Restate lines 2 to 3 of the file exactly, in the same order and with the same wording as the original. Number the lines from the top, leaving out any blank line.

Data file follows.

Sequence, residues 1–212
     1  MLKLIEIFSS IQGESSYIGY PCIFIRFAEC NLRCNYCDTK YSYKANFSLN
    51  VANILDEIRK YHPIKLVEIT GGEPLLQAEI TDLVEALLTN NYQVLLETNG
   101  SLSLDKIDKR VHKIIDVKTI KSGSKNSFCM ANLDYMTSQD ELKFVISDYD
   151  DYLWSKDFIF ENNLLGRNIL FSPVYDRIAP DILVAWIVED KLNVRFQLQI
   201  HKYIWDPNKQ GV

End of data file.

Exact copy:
     1  MLKLIEIFSS IQGESSYIGY PCIFIRFAEC NLRCNYCDTK YSYKANFSLN
    51  VANILDEIRK YHPIKLVEIT GGEPLLQAEI TDLVEALLTN NYQVLLETNG